27 June 2022
Dr Jai Shree Adhyaru, the Clinical and Operational Lead Psychologist, at CNWL’s Centre for Anxiety, Stress and Trauma who is supporting the Afghan Evacuee Response, spoke about this work at the first Special Interest Day hosted by Accreditation Programme for Psychological Therapies Services (APPTS) on Wednesday 11 May. The event covered 'barriers to accessing psychological therapies services'. Read the presentation
The Afghan Evacuee Response by CNWL and CAST was selected as a model that successfully overcame barriers to engagement by offering a trauma screening approach based on principles of psychological first aid and was culturally responsive to the needs of the population.
The talk covered how to practically prepare screeners for supporting in a crisis response to identify needs. Barriers to access don't lie within the population we are trying to reach but often in how we plan to reach them and CNWL's involvement began as part of the team meeting people arriving from Afghanistan at Heathrow Airport in August 2021.
Evacuees who worked for the British military and UK government were granted indefinite leave to remain and applied via the ARAP scheme alongside many others who attempted to leave the country.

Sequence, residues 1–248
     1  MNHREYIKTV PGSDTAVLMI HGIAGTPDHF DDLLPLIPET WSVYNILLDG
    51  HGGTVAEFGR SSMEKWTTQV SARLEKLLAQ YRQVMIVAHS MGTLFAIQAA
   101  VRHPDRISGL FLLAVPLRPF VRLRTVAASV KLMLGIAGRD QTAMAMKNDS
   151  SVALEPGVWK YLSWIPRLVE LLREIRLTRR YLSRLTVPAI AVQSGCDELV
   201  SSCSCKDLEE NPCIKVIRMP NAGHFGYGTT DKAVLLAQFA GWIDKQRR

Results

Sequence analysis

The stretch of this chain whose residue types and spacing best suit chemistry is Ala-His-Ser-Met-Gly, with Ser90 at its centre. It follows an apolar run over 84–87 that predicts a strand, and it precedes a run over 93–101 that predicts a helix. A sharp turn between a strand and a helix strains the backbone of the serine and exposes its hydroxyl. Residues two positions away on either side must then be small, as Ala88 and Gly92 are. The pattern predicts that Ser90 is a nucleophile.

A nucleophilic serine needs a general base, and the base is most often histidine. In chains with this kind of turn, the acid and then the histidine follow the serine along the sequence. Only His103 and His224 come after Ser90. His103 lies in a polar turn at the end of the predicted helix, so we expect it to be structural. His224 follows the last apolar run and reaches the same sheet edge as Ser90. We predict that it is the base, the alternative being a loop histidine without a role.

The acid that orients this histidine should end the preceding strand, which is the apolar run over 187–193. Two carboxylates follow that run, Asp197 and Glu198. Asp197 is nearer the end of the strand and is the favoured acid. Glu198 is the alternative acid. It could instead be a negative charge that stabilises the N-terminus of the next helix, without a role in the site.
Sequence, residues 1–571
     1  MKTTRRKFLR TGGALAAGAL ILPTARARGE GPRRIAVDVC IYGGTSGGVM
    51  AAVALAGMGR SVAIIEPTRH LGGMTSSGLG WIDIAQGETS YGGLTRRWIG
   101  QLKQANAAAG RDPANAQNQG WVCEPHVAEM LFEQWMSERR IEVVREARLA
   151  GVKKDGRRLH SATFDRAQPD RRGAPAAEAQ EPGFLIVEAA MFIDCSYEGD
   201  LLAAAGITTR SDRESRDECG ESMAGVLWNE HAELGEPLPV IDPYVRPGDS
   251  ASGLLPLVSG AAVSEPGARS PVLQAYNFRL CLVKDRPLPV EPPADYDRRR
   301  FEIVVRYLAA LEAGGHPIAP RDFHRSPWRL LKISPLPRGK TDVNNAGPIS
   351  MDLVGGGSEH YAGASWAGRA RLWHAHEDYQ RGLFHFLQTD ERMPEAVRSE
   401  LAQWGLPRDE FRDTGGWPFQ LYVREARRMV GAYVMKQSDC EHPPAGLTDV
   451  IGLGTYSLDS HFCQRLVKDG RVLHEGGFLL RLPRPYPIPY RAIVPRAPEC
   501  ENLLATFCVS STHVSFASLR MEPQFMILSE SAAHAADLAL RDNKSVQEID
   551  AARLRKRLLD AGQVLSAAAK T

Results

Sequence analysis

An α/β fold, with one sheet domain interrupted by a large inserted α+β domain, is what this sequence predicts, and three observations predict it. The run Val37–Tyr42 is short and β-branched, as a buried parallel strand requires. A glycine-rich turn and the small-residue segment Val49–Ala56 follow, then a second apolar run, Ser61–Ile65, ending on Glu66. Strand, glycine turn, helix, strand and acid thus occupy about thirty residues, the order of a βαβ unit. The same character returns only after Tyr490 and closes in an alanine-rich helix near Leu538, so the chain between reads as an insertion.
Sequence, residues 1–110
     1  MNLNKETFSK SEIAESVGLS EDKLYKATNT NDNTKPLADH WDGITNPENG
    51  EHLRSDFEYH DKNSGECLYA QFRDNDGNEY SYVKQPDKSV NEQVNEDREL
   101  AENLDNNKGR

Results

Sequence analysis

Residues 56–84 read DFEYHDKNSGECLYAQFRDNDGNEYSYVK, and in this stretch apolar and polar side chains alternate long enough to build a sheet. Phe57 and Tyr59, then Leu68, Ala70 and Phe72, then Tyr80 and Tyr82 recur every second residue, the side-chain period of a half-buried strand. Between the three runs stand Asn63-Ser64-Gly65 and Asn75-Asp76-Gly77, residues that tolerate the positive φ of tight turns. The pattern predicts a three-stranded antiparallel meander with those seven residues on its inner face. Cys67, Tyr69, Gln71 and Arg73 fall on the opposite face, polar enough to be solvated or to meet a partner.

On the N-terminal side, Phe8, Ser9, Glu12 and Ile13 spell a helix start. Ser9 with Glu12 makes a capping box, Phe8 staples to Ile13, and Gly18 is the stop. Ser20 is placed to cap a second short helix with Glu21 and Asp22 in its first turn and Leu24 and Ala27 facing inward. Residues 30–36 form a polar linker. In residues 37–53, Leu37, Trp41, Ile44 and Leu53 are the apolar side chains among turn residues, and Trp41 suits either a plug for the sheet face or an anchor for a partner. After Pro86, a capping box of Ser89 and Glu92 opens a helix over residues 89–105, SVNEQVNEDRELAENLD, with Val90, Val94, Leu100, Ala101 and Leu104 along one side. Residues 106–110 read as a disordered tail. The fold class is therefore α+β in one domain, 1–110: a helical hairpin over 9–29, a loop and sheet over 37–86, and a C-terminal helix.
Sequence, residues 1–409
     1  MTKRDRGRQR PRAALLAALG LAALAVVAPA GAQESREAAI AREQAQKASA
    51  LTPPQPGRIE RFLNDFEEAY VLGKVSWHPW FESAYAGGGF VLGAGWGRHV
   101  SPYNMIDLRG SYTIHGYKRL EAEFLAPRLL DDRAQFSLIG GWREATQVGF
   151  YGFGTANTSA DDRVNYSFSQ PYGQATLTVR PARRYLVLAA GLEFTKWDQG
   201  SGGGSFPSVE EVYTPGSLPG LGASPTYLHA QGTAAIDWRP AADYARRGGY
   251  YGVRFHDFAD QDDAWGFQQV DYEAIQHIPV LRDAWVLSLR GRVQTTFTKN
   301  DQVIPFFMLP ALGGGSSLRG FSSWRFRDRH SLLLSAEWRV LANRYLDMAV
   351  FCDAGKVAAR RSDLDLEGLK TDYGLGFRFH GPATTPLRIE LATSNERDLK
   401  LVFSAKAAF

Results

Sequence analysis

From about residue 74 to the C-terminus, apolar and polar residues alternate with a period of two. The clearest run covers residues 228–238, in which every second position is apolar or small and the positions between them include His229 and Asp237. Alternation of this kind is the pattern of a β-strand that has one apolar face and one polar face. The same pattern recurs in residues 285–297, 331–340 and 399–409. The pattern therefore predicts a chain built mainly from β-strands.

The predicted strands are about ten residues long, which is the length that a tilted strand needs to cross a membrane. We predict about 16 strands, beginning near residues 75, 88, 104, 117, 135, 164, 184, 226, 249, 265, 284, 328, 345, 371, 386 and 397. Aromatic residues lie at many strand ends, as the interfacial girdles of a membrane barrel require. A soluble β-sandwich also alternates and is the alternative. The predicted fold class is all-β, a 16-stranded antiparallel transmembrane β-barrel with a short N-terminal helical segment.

People were originally placed in quarantine hotels and then moved to bridging hotels awaiting resettlement. Our screeners were asked to reflect on their understanding of the evacuation and accommodation, as well as the media coverage of Afghan arrivals to the UK as these factors can inevitably influence one's approach to the population.
In thinking about how to approach people I highlighted how cultural factors such as language, gender, age, and variations in digital literacy can result in power differences, which in turn can impact on accessibility and engagement.
In preparing our screeners for conversations with people, we discussed how factors such as beliefs and religion can have a key role in coping and resilience; being aware of this can help to engage people in making sense of their experiences during screening conversations. Understanding their explanatory models of (mental) ill health (how people make sense of their symptoms) showed us that resource-oriented coping - focused on being able to resume a normal routine, settle into a new life here - was important to many of the people we talked to.
Inevitably, the political landscape was often a feature of conversations. Working closely with interpreters and first-language screeners from across CNWL helped to shape our response and learn more about how to navigate the topics that came up and consider what kind of support people would benefit from.
Interpreters were an integral part of the team, acting as cultural consultants sharing their own experiences to heighten our collective understanding and providing insight into customs and practice that helped our engagement with the Afghan population. And with such engagement, people were supported to identify what they needed at this time, and also oriented to them to the services provided by the NHS. If our first encounters with a service matter, we hope that our screening conversations demonstrated CNWL's commitment to delivering culturally appropriate responses to those who need it. "